53 Distributed streamflow predictions based on precipitation data from sparse ground networks and the North American Land Data Assimilation System in Northwest Mexico

Tuesday, 25 January 2011
Washington State Convention Center
Agustin Robles-Morua, Michigan Technological University, Houghton, MI; and E. R. Vivoni and A. S. Mayer

There is a critical need to improve surface water supply forecasts in arid and semiarid regions of the Southwest United States and Northwest Mexico. Streamflow plays a significant role in sustaining a majority of economic activities; However, operational forecasting is a challenge due to the strong spatiotemporal variability of precipitation and landscape characteristics in this region and sparse climatic records.

In this study, a distributed hydrologic model, the TIN-Based Real Time Basin Simulator (tRIBS), was set up and parameterized to evaluate how rainfall variability and landscape characteristics impact streamflow generation in a large un-gauged watershed in northwest Mexico. The sparse forcing data in the region prompted us to explore alternative methods to provide meteorological conditions for streamflow predictions in the basin. We utilized rainfall and meteorological observations from: (1) a sparse network of ground-based stations (hourly resolution), (2) raw model products (12 km pixel, hourly resolution) from the North American Land Data Assimilation System (NLDAS) and (3) the NLDAS product adjusted using available rain and meteorological observations. Our distributed approach divided the large watershed (~9500 km2) into 291 subbasins. For each subbasin, simulations were conducted using recorded data from June 1, 2007 to May 31, 2008. A three year spin up period was used during the model initialization.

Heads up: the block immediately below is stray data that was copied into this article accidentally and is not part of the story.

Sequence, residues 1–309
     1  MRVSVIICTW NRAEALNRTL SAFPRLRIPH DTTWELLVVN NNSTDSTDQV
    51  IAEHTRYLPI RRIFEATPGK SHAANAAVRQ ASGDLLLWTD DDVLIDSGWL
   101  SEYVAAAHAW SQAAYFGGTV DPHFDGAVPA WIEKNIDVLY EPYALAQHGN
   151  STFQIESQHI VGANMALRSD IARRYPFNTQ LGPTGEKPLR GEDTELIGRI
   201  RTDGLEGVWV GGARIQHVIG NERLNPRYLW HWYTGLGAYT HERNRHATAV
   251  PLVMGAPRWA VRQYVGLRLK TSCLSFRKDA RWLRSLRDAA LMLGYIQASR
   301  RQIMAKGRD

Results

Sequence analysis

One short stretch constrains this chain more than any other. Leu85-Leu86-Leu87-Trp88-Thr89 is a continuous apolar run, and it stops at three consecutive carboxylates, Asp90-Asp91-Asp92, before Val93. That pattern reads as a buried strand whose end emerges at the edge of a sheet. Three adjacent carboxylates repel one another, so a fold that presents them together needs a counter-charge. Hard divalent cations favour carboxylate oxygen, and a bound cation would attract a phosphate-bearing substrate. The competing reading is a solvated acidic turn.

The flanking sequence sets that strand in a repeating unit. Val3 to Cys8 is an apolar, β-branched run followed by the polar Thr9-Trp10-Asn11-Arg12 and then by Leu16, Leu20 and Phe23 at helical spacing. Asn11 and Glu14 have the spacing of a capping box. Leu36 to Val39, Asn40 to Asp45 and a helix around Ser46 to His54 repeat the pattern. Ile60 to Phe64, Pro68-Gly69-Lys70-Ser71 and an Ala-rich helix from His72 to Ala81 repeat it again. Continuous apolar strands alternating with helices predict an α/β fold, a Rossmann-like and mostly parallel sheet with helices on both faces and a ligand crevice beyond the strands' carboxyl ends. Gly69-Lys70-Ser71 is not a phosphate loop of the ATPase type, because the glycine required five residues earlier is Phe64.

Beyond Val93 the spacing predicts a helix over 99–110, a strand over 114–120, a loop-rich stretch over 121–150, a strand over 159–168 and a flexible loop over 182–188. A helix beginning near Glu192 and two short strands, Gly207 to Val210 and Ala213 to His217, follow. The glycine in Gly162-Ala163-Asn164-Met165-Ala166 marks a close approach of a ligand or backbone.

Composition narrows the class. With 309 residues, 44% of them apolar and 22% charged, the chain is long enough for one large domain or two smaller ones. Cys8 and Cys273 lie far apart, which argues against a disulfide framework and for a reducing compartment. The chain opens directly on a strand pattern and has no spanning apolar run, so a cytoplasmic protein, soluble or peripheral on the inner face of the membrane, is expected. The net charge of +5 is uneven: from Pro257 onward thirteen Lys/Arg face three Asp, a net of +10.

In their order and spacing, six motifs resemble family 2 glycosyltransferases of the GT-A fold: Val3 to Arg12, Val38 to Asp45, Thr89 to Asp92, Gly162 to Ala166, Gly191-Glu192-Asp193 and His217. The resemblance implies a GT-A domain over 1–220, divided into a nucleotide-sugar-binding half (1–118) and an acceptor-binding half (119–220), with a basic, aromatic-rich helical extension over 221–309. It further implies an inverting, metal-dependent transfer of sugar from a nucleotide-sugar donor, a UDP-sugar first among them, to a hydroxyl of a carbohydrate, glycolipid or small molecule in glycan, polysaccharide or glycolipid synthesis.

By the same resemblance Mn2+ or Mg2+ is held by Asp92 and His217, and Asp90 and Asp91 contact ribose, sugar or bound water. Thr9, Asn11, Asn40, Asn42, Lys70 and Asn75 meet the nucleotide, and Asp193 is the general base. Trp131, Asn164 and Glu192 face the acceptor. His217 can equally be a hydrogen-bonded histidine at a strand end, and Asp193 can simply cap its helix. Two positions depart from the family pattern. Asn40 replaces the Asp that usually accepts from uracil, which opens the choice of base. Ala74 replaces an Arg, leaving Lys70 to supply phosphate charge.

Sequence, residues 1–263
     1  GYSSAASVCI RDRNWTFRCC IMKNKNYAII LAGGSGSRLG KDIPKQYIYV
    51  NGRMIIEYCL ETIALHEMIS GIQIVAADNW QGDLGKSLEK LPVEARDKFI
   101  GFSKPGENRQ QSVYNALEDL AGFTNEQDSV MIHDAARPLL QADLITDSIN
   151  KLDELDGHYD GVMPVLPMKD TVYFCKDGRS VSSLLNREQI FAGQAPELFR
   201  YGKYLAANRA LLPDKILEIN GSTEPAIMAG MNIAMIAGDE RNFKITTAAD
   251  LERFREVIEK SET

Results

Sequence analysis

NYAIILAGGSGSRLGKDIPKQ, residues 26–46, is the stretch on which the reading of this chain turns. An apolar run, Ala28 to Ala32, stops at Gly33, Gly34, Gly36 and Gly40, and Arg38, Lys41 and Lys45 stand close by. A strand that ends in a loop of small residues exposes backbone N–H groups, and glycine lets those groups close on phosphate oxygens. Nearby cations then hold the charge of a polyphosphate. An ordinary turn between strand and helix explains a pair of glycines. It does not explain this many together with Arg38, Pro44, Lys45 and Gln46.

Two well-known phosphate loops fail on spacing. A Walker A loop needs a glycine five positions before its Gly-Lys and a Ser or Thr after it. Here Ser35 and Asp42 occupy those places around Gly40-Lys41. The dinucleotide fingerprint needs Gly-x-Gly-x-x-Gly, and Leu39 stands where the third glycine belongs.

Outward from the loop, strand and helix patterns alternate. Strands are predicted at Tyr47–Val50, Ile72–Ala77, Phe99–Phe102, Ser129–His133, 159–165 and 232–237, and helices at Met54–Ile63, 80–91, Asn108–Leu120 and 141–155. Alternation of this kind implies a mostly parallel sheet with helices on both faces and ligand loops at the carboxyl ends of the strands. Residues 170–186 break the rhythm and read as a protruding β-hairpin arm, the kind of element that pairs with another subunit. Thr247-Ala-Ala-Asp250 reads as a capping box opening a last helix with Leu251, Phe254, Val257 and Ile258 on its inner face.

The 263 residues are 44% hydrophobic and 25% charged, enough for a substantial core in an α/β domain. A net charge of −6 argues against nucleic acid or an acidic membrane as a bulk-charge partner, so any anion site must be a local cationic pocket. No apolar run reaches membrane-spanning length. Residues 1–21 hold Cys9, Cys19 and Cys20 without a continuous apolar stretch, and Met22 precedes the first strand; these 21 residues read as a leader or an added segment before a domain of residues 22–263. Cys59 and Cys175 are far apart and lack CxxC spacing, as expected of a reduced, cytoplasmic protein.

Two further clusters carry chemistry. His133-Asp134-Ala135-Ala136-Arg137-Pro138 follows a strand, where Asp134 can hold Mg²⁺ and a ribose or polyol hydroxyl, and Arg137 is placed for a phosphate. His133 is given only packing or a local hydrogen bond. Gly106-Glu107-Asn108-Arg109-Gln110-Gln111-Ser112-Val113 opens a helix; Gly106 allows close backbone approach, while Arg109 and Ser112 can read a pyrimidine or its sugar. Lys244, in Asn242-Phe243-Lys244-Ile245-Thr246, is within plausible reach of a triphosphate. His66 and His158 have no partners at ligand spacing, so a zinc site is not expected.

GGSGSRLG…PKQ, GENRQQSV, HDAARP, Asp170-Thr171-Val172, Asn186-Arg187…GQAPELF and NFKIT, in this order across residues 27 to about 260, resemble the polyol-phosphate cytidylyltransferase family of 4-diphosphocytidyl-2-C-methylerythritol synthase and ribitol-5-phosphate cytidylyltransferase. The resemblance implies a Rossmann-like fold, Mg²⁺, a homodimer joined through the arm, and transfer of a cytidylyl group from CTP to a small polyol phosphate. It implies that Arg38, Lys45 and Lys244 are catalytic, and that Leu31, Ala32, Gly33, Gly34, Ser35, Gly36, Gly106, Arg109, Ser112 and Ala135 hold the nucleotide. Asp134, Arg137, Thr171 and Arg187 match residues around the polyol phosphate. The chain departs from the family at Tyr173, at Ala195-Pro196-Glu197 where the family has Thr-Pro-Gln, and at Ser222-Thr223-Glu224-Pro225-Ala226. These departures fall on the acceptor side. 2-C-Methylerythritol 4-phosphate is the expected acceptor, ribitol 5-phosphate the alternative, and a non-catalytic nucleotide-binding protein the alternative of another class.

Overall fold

Our results indicate that the NLDAS raw model forcing estimates underestimated streamflow magnitudes generated from the sparse network data, but greatly improved the spatial variability in the model response. After adjusting the NLDAS data, the streamflow estimates improved in their overall magnitude in comparison to the sparse network estimates. Prior to adjusting the NLDAS data, precipitation did not exceeded the maximum saturated hydraulic conductivity (Ksat) in any of the subbasins; after adjusting NLDAS data 130 subbasins exceeded the maximum ‘Ksat' value. The result was that streamflow estimates from the adjusted NLDAS product exhibited interesting spatiotemporal patterns. We explore the spatiotemporal model response to identify the value added by the NLDAS products and their local corrections, such as creating high resolution runoff coefficient maps. Our results provide an example of the usefulness of NLDAS as forcing for hydrological models in real-world and international settings with sparse ground networks.

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